When encrypting data using AES-GCM or AES-CCM, it is essential not to reuse the same initialization vector (IV, also called nonce) with a given
key. To prevent this, it is recommended to either randomize the IV for each encryption or increment the IV after each encryption.

## Why is this an issue?

When encrypting data using a counter (CTR) derived block cipher mode of operation, it is essential not to reuse the same initialization vector (IV)
for a given key. An IV that complies with this requirement is called a "nonce" (**n**umber used **once**). Galois/Counter
(GCM) and Counter with Cipher Block Chaining-Message Authentication Code (CCM) are both derived from counter mode.

When using AES-GCM or AES-CCM, a given key and IV pair will create a "keystream" that is used to encrypt a plaintext (original content) into a
ciphertext (encrypted content.) For any key and IV pair, this keystream is always deterministic. Because of this property, encrypting several
plaintexts with one key and IV pair can be catastrophic. If an attacker has access to one plaintext and its associated ciphertext, they are able to
decrypt everything that was created using the same pair.

Additionally, IV reuse also drastically decreases the key recovery computational complexity by downgrading it to a simpler polynomial root-finding
problem. This means that even without access to a plaintext/ciphertext pair, an attacker may still be able to decrypt all the sensitive data.

### What is the potential impact?

If the encryption that is being used is flawed, attackers might be able to exploit it in several ways. They might be able to decrypt existing
sensitive data or bypass key protections.

Below are some real-world scenarios that illustrate some impacts of an attacker exploiting the vulnerability.

#### Theft of sensitive data

The encrypted message might contain data that is considered sensitive and should not be known to third parties.

By not using the encryption algorithm correctly, the likelihood that an attacker might be able to recover the original sensitive data drastically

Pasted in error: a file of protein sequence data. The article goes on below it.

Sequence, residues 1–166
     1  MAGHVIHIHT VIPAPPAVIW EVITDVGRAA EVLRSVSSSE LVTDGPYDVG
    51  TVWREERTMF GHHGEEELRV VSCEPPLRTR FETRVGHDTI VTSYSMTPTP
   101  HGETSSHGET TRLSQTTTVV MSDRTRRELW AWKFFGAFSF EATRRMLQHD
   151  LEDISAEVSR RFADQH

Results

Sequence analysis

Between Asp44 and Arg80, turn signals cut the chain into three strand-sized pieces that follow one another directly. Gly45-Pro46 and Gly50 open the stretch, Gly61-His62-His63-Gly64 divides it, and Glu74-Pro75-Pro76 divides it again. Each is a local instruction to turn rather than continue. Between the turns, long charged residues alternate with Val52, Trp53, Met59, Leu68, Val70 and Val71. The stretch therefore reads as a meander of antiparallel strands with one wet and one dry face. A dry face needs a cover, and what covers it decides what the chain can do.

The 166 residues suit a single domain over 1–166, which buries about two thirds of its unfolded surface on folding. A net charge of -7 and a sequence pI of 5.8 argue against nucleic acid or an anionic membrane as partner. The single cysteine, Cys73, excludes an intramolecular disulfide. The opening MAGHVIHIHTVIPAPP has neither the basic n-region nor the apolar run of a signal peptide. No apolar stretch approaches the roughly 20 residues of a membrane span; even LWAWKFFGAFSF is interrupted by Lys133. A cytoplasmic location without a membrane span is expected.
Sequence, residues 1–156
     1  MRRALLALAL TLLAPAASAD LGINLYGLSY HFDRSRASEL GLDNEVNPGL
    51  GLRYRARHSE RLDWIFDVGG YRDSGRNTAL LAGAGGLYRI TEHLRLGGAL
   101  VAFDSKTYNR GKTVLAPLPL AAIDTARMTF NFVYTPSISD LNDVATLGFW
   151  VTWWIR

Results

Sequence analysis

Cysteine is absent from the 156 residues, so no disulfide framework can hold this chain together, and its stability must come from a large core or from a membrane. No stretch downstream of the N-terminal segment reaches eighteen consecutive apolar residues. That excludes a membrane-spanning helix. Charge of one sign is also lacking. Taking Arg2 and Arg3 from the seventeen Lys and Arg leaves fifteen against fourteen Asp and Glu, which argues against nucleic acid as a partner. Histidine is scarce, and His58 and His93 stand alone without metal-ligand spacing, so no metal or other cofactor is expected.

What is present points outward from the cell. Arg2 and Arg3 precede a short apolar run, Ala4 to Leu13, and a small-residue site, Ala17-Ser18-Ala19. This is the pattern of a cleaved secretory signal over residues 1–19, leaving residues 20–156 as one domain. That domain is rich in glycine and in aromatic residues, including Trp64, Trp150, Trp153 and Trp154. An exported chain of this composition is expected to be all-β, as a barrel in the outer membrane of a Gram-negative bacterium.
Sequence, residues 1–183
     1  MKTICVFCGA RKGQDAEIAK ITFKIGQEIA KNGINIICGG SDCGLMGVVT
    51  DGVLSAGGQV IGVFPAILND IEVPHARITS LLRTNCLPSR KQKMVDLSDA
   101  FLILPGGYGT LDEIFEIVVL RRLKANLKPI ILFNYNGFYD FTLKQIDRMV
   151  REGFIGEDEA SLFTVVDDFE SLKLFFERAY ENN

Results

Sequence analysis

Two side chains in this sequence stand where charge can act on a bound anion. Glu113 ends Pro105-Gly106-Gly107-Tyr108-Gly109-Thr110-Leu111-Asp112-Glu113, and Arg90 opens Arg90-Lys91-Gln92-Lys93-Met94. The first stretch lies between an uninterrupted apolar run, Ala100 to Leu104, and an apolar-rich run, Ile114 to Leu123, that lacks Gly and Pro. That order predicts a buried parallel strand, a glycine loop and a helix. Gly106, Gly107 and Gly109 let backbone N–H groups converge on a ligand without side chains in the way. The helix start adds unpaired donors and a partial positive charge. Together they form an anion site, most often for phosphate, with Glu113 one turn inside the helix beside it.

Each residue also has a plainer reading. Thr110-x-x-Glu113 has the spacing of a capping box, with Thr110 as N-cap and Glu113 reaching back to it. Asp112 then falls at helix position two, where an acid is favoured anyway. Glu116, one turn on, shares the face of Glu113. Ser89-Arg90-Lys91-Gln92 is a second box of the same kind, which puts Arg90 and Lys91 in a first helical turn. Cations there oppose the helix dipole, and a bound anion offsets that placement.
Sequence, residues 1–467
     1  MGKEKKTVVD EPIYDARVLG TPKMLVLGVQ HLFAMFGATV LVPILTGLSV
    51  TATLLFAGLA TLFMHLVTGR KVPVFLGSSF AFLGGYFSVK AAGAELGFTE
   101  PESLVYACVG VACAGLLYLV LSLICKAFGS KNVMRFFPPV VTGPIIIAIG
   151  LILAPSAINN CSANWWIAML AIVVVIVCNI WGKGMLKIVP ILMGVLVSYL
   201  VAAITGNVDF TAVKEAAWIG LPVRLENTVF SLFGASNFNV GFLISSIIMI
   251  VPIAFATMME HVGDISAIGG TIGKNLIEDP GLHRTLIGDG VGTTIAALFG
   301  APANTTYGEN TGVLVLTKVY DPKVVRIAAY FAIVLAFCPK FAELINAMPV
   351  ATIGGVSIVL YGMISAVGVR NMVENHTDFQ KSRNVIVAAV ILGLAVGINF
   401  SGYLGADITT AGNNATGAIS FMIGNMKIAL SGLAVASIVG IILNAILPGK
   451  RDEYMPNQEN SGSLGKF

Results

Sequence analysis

increases.

#### Additional attack surface

Encrypted values are often considered trusted, since under normal circumstances it would not be possible for a third party to modify them. If an
attacker is able to modify the cleartext of the encrypted message, it might be possible to trigger other vulnerabilities in the code.

## How to fix it in Java Cryptography Extension

### Code examples

The example uses a hardcoded IV as a nonce, which causes AES-CCM to be insecure. To fix it, a nonce is randomly generated instead.

#### Noncompliant code example

public void encrypt(byte[] key, byte[] ptxt) {
byte[] nonce = "7cVgr5cbdCZV".getBytes("UTF-8");
Cipher cipher = Cipher.getInstance("AES/GCM/NoPadding");
SecretKeySpec keySpec = new SecretKeySpec(key, "AES");
GCMParameterSpec gcmSpec = new GCMParameterSpec(128, nonce);
cipher.init(Cipher.ENCRYPT_MODE, keySpec, gcmSpec); // Noncompliant
}

#### Compliant solution

public void encrypt(byte[] key, byte[] ptxt) {
SecureRandom random = new SecureRandom();
byte[] nonce = new byte[12];
random.nextBytes(nonce);
Cipher cipher = Cipher.getInstance("AES/GCM/NoPadding");
SecretKeySpec keySpec = new SecretKeySpec(key, "AES");
GCMParameterSpec gcmSpec = new GCMParameterSpec(128, nonce);
cipher.init(Cipher.ENCRYPT_MODE, keySpec, gcmSpec);
}

### How does this work?

For AES-GCM and AES-CCM, NIST recommends generating a nonce using either a deterministic approach or using a 'Random Bit Generator (RBG)'.

#### Generating nonces using random number generation

When using a randomized approach, NIST recommends a nonce of at least 96 bits using a cryptographically secure pseudorandom number generator
(CSPRNG.) Such a generator can create output with a sufficiently low probability of the same number being output twice (also called a
*collision*) for a long time. However, after 2^{32} generated numbers for the same key, NIST recommends rotating this key for a new
one. After that amount of generated numbers, the probability of a collision is high enough to be considered insecure.

The code example above demonstrates how CSPRNGs can be used to generate nonces.

Be careful to use a random number generator that is sufficiently secure. Default (non-cryptographically secure) RNGs might be more prone to